How Many Buyer Personas Should I Really Have?
By Bob Ruffolo
One of our teammates had an interesting conversation with the CEO of a SaaS company yesterday.
He asked a thought-provoking question regarding buyer personas saying, "I have about 10 different buyers I could sell to. How many personas should I really create? Doesn't it become kind of pointless after a certain number?"
It was certainly a great question and one that I'm sure many of you are interested in the answer to.
First, our team member assured him that creating buyer personas wouldn't cut off the source of people already interested in his services, but instead would allow his company align sales and marketing more effectively to attract and sell to the right prospects.
It's not about the buyers you could sell to, but instead narrowing it down to the ones you want to sell to.
His reaction inspired this brief article, as well as our buyer persona kit in order to assist more people who had similar questions.
Quantifying Buyer Personas
There's no set amount of buyer personas that works best for all businesses -- this is another case where you really have to figure out what works best for your business.
Most businesses should have at least a couple of buyer personas, but you don't want to have too many, either. I know, I know, this hasn't been very helpful so far -- but hang in there.
Answer the next few questions about your business and that should help you narrow it down to a small window of how many buyer personas you need. Then we'll dig more into the process of actually creating those buyer personas to help you refine that number.
How Many Verticals Do You Serve?
If your business is targeting multiple industries, or verticals, you definitely want to have a unique buyer persona for each one.
There will be cases where two customers from separate industries are actually very similar, but I still suggest creating separate buyer personas.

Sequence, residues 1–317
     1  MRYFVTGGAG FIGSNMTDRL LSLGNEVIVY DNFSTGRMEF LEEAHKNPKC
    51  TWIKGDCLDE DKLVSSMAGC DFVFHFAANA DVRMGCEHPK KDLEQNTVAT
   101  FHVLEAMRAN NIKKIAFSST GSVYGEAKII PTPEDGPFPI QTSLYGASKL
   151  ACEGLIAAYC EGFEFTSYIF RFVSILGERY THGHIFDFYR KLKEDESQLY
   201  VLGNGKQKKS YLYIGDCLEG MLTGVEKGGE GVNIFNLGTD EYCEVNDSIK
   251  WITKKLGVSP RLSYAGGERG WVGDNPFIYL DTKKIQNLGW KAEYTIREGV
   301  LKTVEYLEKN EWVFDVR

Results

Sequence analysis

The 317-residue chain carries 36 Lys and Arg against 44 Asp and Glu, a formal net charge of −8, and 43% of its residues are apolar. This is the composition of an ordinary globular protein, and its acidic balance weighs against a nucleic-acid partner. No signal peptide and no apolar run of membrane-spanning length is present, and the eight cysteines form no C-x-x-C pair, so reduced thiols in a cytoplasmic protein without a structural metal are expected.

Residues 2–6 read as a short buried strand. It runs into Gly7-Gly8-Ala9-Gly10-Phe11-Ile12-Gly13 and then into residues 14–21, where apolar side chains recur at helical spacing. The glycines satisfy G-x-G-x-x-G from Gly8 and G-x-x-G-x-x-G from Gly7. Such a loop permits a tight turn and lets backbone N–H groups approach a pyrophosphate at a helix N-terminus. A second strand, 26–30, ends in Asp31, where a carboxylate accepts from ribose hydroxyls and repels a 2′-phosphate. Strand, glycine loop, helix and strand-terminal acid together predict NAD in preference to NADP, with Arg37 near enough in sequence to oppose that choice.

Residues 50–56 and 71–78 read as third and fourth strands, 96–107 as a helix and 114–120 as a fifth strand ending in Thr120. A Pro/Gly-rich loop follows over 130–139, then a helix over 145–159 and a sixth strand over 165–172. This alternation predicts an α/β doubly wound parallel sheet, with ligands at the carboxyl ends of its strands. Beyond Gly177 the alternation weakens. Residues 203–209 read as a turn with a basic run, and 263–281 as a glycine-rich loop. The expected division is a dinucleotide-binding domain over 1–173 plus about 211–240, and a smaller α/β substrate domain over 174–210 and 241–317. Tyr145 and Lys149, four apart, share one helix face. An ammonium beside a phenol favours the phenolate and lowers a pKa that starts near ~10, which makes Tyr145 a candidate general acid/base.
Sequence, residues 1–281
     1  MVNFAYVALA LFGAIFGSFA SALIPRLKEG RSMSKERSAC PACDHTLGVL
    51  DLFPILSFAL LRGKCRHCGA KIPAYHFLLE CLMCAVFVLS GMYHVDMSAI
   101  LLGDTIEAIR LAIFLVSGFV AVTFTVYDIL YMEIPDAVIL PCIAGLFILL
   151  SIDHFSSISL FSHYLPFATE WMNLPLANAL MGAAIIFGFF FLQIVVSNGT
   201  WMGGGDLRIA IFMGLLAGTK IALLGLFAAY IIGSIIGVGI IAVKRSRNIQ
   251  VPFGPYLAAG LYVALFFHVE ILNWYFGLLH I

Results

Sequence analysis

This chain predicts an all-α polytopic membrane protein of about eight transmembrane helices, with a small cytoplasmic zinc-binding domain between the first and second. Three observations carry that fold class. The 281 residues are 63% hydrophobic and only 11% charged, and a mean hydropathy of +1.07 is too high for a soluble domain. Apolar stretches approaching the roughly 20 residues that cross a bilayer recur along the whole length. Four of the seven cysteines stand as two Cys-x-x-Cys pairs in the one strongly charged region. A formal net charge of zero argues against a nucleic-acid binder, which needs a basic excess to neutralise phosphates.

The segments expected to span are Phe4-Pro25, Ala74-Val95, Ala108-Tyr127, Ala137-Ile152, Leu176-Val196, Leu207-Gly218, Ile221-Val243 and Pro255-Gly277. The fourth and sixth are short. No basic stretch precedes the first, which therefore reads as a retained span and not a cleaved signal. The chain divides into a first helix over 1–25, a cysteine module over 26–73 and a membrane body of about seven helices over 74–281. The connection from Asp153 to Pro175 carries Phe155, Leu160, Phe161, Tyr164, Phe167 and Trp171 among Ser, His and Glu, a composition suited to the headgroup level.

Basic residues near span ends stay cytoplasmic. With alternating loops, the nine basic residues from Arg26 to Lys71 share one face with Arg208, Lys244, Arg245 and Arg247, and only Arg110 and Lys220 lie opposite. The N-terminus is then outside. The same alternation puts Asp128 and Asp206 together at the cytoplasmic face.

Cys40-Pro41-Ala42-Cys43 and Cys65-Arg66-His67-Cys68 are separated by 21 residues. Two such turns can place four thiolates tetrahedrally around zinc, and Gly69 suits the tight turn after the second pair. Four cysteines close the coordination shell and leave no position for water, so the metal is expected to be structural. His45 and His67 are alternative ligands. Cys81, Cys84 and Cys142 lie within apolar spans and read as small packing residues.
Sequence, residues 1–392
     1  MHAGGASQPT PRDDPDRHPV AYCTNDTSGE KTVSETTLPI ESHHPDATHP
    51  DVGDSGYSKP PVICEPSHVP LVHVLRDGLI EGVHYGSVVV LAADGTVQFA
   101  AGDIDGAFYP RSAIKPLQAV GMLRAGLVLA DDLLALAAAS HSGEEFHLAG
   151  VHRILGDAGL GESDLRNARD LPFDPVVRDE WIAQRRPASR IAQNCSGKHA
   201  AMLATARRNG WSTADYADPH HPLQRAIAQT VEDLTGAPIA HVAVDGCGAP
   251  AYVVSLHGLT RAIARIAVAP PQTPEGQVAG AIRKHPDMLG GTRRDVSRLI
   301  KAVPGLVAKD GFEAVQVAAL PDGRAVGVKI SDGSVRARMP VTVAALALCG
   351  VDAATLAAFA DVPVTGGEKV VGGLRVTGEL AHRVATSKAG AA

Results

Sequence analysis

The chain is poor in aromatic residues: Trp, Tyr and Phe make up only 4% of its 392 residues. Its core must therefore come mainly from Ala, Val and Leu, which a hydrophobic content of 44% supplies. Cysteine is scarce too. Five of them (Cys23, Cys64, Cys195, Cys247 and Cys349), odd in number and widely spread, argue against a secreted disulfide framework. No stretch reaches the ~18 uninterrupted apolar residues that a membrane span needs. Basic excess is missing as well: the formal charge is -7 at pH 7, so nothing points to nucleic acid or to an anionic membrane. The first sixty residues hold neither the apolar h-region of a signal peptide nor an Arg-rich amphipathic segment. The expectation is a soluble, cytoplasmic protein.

The reason is that you want to make it as absolutely easy as possible for someone to make the decision to purchase from you and you don't want the question "But is this right for my industry?" to ever enter their minds.
Never rely on your prospects to make the right assumptions about your offer. When they're in research mode, they're going to be analyzing everything and the company that specializes in their industry is going to be the safer option in their mind.
Plus, as you get more advanced with your inbound marketing and you start to incorporate more lead nurturing campaigns and website personalization (smart content), those buyer personas for each industry are going to be very important.
Are You Targeting Different Niches in Each Vertical?
There's a saying: "the riches are in the niches."
That's because niche marketing is very powerful.
Picture a man walking into Walmart or Target 10 years ago in search for hand lotion. He finds the aisle and is quickly bombarded with what seems like hundreds of options.
Which one does he pick? Probably either the cheapest one or the one his girlfriend or mom uses, right?
Fast forward to today. The same guy walks into the same aisle and immediately narrows his choices down to the two or three lotions that say "for men" on them.
He is assured right away that these lotions were made specifically for him.
As marketers, we know that the men's formula and the women's formula from the same brand are identical, but we also know that people are more likely to buy something that speaks to them personally.
Beauty brands make separate products with the exact same ingredients because men's skin care and women's skin care are two separate niches within the beauty industry.
Likewise, if you are targeting multiple niches within one industry or vertical, it could be beneficial tocreate buyer personas for those specific niches.